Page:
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Harlan, Wolf reflect on historic trade for Favre

Posted Mar 3, 2008

An interesting historical footnote to the Green Bay Packers' acquisition of Brett Favre emerged from the media activities surrounding the quarterback's retirement announcement on Tuesday.

In a press conference in the Lambeau Field auditorium, retired Packers CEO Bob Harlan recalled how back on Dec. 1, 1991, Green Bay was playing in Atlanta and newly hired general manager Ron Wolf was about to take in his first Packers game when he headed down to the field to watch the Falcons' backup quarterback, Favre, during warm-ups.

Wolf already had expressed to Harlan his interest in trading for the former Southern Mississippi star, whom Wolf had rated the top prospect in the 1991 draft. Only Wolf was running the Jets at that time, was without a first-round draft pick, and missed out on Favre by one slot when Atlanta chose him at No. 33, early in the second round and one spot before Wolf was going to pick for the Jets.

Anyway, Harlan began watching Favre, whose last name he couldn't pronounce, during the pre-game, and about 40 minutes later Wolf returned from the field and all but declared he was definitely trading for his future franchise quarterback.

The interesting part is that Harlan thought Wolf had used an on-the-field, close-up look at Favre to confirm "if his arm is still as strong now as it was coming out of college." But actually, Wolf never saw Favre throw that day.

"I started to head down to the field to do that, but I never got down there," Wolf said in a conference call with reporters. "But, what I did learn from that situation was we could acquire Brett Favre, which we eventually did."

What exactly that meant, Wolf didn't clarify. Did he run into someone from Atlanta's front office along the way and make an off-the-cuff trade proposal? Or in his brief conversations with Harlan was he simply assured the team president wouldn't stand in his way, and he was making it look to his new boss as though he had just made a final, definitive evaluation on his targeted prospect?

Either way, Wolf had Favre in his sights long before that day in Atlanta, and he was determined to make Favre the centerpiece of his new team, even if he expected and received mounds of criticism for trading a first-round pick in the 1992 draft for a quarterback unknown to many.

"I watched that guy play every game his junior and senior year in college - I didn't have to watch him throw that day," Wolf said.

"My belief was always in order to be successful in the National Football League, the one thing you had to do, was you had to have a quarterback. If you didn't have a quarterback, you couldn't win. When we were able to get Brett Favre, I was of the opinion we had a quarterback."

The rest, as they say, is history. Favre, under head coach Mike Holmgren and along with prized free agent Reggie White, went on to lead the Packers to a Super Bowl championship five years later and now, upon retiring, holds virtually every meaningful passing record in NFL history.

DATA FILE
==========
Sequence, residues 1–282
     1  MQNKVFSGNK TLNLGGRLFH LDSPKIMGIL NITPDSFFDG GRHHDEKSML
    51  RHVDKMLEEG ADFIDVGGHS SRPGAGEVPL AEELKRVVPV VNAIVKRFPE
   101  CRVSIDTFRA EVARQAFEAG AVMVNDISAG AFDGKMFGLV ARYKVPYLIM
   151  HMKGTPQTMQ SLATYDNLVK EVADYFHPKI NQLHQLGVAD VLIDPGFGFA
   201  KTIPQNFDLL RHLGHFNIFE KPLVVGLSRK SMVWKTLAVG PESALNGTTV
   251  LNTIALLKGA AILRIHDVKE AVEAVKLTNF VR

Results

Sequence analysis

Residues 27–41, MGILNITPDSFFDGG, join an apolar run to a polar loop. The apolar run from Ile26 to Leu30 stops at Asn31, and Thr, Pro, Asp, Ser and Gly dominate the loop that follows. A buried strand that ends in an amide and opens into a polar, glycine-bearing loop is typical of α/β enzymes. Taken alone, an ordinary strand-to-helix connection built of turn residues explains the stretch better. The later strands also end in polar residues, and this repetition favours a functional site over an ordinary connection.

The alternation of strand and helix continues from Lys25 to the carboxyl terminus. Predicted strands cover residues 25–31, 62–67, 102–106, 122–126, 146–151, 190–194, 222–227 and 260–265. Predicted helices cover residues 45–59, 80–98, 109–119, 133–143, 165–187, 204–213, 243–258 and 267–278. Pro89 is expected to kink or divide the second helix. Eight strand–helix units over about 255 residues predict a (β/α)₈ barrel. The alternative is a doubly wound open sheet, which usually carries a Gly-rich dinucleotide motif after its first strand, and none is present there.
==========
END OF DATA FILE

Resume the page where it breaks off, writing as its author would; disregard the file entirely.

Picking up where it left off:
While Wolf believes Favre had the talent to succeed anywhere in the NFL, he does believe Holmgren and a talented staff of assistants that included five future head coaches in Steve Mariucci, Andy Reid, Jon Gruden, Ray Rhodes and Dick Jauron provided the right structure and expertise for Favre to flourish.

For Harlan's part, he did stay out of Wolf's way in making the somewhat controversial trade and maintained that leadership approach through the years, letting the football people make the football decisions.

The Packers' resurgence from the doldrums of the 1970s and '80s always has been viewed as a domino effect, with Harlan hiring Wolf, who then hired Holmgren, traded for Favre and signed White.

Wolf and Favre"I've always said and I'll always maintain that the foundation that restored this franchise to the elite in the NFL in the '90s was Ron Wolf, Mike Holmgren, Brett Favre and Reggie White," Harlan said. "I find it sad today that all of those folks have moved on."

Like many, Harlan expressed surprise at Favre's retirement but fondly called him "the greatest competitor I've ever been around." He ranks as the most marvelous of his many achievements the 275 consecutive starts at quarterback, including the playoffs, and he recognizes that all those games make up not only a part of many individuals' legacies, including his own, but also most of an entire generation of Packers fans' memories, also including his own.

"I just wish him well," Harlan said. "It was a privilege to watch him. I truly mean that. And I talk to people who say, 'I watched Babe Ruth' or 'I watched Lou Gehrig' or 'I watched Johnny Blood.' Well, we watched Brett Favre. That's pretty good."

 
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